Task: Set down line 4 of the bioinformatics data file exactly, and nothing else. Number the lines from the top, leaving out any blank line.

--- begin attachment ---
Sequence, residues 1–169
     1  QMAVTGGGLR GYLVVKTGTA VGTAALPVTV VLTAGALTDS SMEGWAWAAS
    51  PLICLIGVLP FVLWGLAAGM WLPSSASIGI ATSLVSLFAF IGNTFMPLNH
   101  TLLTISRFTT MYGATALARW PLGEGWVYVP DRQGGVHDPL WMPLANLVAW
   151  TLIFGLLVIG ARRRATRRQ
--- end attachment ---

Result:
   101  TLLTISRFTT MYGATALARW PLGEGWVYVP DRQGGVHDPL WMPLANLVAW